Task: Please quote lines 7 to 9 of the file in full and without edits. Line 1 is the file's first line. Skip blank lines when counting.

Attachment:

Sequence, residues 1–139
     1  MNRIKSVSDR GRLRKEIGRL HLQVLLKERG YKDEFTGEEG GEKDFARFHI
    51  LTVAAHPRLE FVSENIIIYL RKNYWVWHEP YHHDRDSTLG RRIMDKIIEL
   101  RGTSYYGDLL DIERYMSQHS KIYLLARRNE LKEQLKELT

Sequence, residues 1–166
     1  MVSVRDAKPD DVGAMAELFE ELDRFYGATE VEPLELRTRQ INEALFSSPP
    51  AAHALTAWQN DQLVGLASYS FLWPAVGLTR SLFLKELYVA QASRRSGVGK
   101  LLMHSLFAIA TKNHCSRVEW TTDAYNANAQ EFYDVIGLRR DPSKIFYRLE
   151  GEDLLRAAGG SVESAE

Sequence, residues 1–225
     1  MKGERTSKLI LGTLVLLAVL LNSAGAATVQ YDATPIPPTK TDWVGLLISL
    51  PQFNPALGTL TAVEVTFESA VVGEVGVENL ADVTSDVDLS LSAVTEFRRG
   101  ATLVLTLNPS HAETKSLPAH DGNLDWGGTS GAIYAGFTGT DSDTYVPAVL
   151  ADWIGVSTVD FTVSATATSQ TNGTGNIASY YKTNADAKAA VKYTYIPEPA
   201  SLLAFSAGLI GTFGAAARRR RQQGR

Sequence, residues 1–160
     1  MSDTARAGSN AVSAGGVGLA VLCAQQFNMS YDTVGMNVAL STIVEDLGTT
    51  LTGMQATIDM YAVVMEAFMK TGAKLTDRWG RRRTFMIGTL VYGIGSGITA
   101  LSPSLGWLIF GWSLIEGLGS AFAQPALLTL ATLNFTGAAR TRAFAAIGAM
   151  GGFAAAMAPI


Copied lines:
    51  AAHALTAWQN DQLVGLASYS FLWPAVGLTR SLFLKELYVA QASRRSGVGK
   101  LLMHSLFAIA TKNHCSRVEW TTDAYNANAQ EFYDVIGLRR DPSKIFYRLE
   151  GEDLLRAAGG SVESAE